The writer often reveals this ideal through the erotic imagery. The ideal helps us to escape reality through sex, passion, alcohol, drugs and new impressions. The ideal state is not limited by time or death, it is a permanent state of happiness and ecstasy. Spleen returns us back to the real world with diseases, deaths, sufferings and pain. Baudelaire shows that people are torn between these tow world spleen and the ideal.

Women, being the source of inspiration for the author, present this bridge between spleen and the ideal. A woman is a goodness and a curse at one time. She awakes strong emotions and deep feelings and reminds of the  perfection of the world but, at the same time, she dooms the lyrical hero to eternal sufferings and early death. Woman embodies both God and Satan. Women, thus, embody both what Baudelaire called the elevation toward God and what he referred to as the gradual descent toward Satan: They are luminous guides of his imagination but also monstrous vampires that intensify his sense of spleen, or ill temper (Hyslop, 55). The image of women is really provoking in Baudelaire’s poems.

The theme of death is an inalienable component of Baudelaire’s poetic style. For example, in his poem To a Passerby, this theme prevails and readers notice how love interest turns into a melancholy and death, as a result.

Modern Paris, its rapid speed and busy life reminds the main character that his life is so short and meaningless. He feels lonely and this feeling of alienation provokes thoughts about a consoling death.

The existence of the world of monsters, black cats, demons and vampires affects our mind and awakes force of the spleen in it. These creatures make people think about immediate death and all the horrors of it. The author proposes to combine two worlds the spleen and the ideal one through wine. We can follow this theme in a number of his poems: The Soul of Wine, Wine of the Assassin, Destruction, Damned Women, etc. In these poems the speaker compares the power of wine with the seductive power of women over men. Men cannot escape women’s charms. The speaker states:

Sometimes, knowing my great love of Art, he takes

The form of the most seductive woman,

And, using a cynic’s specious pretexts,

Accustoms my lips to the infamous potion. (Baudelaire, 98)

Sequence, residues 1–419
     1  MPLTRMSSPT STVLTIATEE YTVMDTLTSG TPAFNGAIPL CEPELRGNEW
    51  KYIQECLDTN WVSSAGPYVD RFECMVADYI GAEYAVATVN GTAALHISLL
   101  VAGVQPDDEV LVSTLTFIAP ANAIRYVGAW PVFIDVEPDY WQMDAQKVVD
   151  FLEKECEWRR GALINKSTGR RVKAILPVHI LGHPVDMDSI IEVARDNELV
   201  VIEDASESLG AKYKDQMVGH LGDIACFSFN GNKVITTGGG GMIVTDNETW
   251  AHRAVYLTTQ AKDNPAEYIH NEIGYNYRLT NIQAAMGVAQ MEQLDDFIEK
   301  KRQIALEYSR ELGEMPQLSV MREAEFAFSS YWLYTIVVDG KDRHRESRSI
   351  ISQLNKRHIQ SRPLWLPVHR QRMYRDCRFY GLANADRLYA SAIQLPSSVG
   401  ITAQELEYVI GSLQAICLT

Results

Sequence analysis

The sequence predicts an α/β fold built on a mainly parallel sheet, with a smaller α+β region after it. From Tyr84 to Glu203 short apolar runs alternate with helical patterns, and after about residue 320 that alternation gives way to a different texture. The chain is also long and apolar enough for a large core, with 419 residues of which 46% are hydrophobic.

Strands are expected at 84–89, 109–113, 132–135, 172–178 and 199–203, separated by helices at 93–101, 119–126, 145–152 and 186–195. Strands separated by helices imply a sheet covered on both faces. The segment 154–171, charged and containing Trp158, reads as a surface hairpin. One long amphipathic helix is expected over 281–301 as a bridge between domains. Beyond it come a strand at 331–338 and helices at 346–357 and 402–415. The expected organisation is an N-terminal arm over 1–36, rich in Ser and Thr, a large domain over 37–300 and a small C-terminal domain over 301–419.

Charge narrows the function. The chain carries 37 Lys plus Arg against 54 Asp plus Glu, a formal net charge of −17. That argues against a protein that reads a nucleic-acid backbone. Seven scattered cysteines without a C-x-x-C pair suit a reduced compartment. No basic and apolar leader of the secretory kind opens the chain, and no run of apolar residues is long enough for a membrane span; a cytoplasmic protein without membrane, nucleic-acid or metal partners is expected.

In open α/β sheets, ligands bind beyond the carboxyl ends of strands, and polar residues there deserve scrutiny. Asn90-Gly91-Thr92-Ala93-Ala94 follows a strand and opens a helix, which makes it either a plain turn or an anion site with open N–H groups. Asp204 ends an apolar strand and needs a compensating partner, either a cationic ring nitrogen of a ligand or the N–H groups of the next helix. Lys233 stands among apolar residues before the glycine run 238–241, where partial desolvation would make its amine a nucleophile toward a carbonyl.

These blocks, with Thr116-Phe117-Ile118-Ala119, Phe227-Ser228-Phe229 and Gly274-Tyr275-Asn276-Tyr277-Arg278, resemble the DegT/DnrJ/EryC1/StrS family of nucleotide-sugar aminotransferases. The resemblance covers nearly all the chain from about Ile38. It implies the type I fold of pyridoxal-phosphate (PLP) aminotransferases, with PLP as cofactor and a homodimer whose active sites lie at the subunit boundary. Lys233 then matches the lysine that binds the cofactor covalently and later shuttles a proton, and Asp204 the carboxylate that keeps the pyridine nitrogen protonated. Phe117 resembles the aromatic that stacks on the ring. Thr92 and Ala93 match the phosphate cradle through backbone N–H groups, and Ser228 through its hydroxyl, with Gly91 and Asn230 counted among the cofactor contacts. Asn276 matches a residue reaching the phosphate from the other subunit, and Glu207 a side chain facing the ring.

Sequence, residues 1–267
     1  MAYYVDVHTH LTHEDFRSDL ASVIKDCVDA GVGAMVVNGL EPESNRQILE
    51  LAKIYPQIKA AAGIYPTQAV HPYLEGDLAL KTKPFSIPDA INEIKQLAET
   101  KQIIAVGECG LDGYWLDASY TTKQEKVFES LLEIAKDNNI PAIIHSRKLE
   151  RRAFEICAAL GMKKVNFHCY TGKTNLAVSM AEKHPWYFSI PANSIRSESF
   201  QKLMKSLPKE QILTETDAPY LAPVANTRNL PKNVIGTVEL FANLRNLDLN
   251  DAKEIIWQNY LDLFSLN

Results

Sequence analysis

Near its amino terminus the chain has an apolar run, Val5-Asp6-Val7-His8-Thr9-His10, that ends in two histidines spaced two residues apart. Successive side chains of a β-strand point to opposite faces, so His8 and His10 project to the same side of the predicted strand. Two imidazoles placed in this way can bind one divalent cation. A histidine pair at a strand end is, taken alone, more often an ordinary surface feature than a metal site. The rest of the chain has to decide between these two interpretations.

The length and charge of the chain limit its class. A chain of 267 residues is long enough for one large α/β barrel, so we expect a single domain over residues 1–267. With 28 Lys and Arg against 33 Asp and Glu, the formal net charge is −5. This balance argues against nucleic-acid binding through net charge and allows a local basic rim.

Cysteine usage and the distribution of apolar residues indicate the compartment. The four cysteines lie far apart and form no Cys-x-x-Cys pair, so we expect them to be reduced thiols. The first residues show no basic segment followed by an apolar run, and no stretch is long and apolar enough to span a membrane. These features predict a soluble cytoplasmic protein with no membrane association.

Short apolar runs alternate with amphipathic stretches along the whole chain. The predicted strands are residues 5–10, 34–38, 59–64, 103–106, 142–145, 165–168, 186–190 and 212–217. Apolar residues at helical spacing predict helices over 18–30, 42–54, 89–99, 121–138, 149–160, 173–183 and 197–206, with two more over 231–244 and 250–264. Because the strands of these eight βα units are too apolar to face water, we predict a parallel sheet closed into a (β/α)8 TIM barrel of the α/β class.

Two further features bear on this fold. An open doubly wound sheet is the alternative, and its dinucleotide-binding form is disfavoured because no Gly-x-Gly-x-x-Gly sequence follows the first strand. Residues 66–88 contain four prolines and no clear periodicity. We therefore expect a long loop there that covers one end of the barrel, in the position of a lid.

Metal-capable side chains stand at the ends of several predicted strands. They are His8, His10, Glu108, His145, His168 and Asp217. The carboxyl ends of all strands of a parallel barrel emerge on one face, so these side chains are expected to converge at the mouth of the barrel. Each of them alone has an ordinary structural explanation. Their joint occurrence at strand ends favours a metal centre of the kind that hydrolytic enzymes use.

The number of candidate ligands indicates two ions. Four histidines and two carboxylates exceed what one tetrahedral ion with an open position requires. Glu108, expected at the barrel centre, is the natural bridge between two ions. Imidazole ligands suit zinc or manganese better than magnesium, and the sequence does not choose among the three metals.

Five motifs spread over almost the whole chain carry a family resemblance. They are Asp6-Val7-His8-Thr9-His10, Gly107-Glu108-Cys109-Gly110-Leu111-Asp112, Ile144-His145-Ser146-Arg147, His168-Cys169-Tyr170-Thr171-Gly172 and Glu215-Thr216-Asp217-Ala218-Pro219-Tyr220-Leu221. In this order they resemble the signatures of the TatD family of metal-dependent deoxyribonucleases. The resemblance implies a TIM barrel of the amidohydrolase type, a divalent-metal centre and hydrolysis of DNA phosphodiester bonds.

The speaker is torn between horrors of pain and death that are embodied by women-vampires and women-demons and power of passion and love that are hidden in women.

A lot of poems from Flowers of Evil present the role of the poet in the modern society. In one of the poems, The Albatross, the author compares the poet to this giant bird, which is so majestic and beautiful in the skies and so weak on the earth. The image of the poet seems similar: poets are often teased and criticised among the public and only with time, often after poets’ death, their works are appreciated.

To sum up, Charles Baudelaire in his book Flowers of Evil reveals beauty, goodness and love through unusual and unexpected images death, demons, vampires, etc. The author presents two opposite sides of life the spleen world and the ideal world. Our real world the spleen one is full of fears, sufferings and thoughts about death. The lyrical heroes of Baudelaire’s poems look for liberation and freedom from these restrictions in their ideal world. They escape the cruel reality through opium, wine and women.

The author often associates spleen with anxiety, solitude, claustrophobia, despair and death. The ideal is the embodiment of warm feelings, ecstasy, happiness and bliss. These two worlds present human inner nature: eternal struggle between good and harm and elevation towards Satan and God. The fight of these two opposite forces is the foundation of every human personality and the result of the fight is not so important, the leading role belongs to the process and to the fight itself. This fight is the life with its black and white stripes. Our life is a constant change from good to evil and from evil to good. Being aware of this fact, people should enjoy every moment of life in its any embodiment and form. Death and suffering are as necessary for normal existence as love and goodness and people should remember about it. Baudelaire shows this close connection between these worlds due to his provoking images in his poems.